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Printed from https://www.Writing.Com/view/1122273
by Smee
Rated: E · Interview · Computers · #1122273
What is it? How does it work?
I quote part of a series of essays written by Mark Keavney - the creator of Storygaming and owner of the website http://www.cityofif.com

I've been an active member of The City of IF for approaching 2 years, and it has sparked and nurtured my love of writing and reading/reviewing. So much so that I looked for and found WDC *Bigsmile*

~

I and others have spent the last four years applying this idea, but I'm not going to talk about that until the next part of this history. This section is just about theory.

The idea, which I call "storygaming," is that many players would cooperatively roleplay a single character in a story guided by a human author. Here's how it works:

1. Author creates chapter - The storygame author creates the first chapter of a story. The chapter ends at a "decision point," where the main character has a chance to take some significant action. For example, in a fairy tale genre story, an initial episode might describe how a fisher-boy out on the sea encounters a talking swan who asks him to take her into his boat.

2. Players suggest actions - Next, the storygame players take the viewpoint of the character (the same character for everyone) and suggest what the character should do. In the example above, the players might invent and debate different options, such as taking the swan into the boat, leaving her in the water, asking her what she will give him if he helps her, etc.

3. Author creates options - From the pool of suggestions, the author chooses a few of the most popular and interesting possibilities to be voted on.

4. Players vote - The players vote on the options. The winning action becomes the basis for the next chapter, and the cycle begins again. If the players had decided to take the swan into the boat, for example, the author might write another chapter in which the fisher-boy takes the swan home and shows it to his mother, who is angry that he hasn't caught any fish and sends the boy to bed without any supper. The next decision point might then be what the boy does when locked in his room.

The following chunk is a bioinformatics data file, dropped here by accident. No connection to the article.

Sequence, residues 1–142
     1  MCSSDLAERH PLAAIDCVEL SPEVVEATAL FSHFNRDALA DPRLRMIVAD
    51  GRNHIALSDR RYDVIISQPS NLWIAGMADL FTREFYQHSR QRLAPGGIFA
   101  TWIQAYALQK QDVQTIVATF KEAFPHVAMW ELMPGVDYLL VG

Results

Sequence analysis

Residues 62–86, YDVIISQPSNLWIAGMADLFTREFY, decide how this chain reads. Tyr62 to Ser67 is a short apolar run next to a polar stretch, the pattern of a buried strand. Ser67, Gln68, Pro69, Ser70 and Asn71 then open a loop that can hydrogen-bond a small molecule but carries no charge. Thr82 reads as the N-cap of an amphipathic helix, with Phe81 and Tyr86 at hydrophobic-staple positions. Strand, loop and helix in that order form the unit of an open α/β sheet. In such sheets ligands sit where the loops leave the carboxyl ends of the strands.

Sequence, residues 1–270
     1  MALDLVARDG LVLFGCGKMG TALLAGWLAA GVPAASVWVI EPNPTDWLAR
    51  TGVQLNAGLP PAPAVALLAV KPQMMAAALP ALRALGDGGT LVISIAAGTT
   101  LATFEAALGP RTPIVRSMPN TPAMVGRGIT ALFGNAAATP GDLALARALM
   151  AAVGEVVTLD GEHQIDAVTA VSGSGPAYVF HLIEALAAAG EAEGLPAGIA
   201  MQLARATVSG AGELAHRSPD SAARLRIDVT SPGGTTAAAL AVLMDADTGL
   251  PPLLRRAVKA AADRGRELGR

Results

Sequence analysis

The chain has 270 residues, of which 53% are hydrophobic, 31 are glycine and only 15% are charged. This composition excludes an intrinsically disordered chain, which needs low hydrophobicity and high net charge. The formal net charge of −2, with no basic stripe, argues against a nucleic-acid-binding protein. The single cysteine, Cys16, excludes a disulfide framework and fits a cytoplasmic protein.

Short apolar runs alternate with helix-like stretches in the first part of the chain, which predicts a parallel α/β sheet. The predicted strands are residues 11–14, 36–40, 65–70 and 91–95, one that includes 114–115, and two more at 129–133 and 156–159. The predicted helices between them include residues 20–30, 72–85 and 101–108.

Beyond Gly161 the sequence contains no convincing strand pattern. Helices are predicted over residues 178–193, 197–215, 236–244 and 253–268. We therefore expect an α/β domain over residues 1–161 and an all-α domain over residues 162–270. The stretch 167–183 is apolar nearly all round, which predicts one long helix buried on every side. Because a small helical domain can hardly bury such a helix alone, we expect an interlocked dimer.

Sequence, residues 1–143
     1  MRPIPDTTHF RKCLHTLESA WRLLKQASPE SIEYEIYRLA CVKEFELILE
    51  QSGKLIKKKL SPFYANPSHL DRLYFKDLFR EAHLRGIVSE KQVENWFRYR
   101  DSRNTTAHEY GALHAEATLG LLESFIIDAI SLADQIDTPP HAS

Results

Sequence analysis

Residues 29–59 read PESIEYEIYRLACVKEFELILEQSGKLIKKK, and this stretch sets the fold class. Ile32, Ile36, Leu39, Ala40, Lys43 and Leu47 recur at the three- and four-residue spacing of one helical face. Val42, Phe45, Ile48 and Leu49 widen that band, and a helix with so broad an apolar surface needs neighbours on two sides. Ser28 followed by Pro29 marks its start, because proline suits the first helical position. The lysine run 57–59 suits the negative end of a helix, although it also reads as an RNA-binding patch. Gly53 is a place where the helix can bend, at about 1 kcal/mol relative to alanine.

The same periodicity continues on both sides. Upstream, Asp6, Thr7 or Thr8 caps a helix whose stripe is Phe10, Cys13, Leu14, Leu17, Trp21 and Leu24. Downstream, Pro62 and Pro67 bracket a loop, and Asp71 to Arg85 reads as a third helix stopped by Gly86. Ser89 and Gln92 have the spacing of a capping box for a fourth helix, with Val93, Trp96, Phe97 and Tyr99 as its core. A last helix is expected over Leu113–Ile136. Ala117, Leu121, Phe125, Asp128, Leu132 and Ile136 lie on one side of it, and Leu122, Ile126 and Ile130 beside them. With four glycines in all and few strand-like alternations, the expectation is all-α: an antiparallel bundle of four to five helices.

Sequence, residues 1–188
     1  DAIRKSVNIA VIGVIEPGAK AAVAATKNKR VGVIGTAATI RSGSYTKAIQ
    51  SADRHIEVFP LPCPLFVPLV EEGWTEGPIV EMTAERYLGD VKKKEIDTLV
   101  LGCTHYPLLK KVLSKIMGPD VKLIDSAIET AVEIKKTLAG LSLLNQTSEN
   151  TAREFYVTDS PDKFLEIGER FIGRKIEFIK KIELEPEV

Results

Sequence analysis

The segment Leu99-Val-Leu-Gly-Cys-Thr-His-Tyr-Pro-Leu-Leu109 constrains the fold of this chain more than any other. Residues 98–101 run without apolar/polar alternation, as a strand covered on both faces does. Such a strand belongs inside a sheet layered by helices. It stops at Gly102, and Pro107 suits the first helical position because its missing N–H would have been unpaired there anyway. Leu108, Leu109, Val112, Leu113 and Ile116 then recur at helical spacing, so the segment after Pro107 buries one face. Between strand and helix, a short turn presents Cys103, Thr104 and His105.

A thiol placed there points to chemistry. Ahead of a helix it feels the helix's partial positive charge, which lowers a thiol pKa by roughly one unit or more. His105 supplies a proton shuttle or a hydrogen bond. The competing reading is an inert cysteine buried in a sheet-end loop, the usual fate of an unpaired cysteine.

This simple idea can be used in many ways. The stories could be text, graphic, animation, film, or any combination; the chapter cycle could be months long, with long-running discussion posted on the web, or could happen in minutes in a chat room; the storygames could be epic or ordinary, short or long, with any type of character.

No matter how it's done, storygaming has three major strengths compared to other forms of interactive storytelling:

*Bullet*A strong narrative. Unlike other approaches, players aren't left to their own storytelling devices or given chopped-up story fragments assembled by a computer. In storygaming a human author guides the story from beginning to end, and is ultimately responsible for creating a coherent and compelling drama. This is similar to the strong narrative in linear stories.

*Bullet*Strong social interaction. Because the players are playing the same character and experiencing the same storyline at the same time, frequent social interaction is a large part of storygaming. Players can agree or disagree with each other, build on each other's suggestions, and try to sway votes. This kind of cooperative interaction is similar to the social interaction found in a MUD, MMORPG, or simulation.

*Bullet*Flexibility. Because there are multiple players for a single character, the story doesn't require any one player's participation to move forward. In effect, storygaming has a sliding scale of interactivity - for any chapter, a player can choose to experience the story non-interactively, or can vote without making suggestions, or can make suggestions with any amount of effort and time. Players can even drop out of the storygame altogether without causing a problem for others. No other form of interactive storytelling allows its players to ease in and out of play like this.

So this idea seems promising.


~

My own first Storygame has been reproduced here in my port. (First few installments so far)

 Introduction  (ASR)
Two mages, fighting hard on opposite sides of a magical war that consumes the known world
#1279336 by Smee


Hope you enjoy *Bigsmile*

~

This storygame is still on-going and is currently up to Chapter 19 (9 for each of the main character - I will have all these imported into WDC soon).



© Copyright 2006 Smee (smeedyer at Writing.Com). All rights reserved.
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Printed from https://www.Writing.Com/view/1122273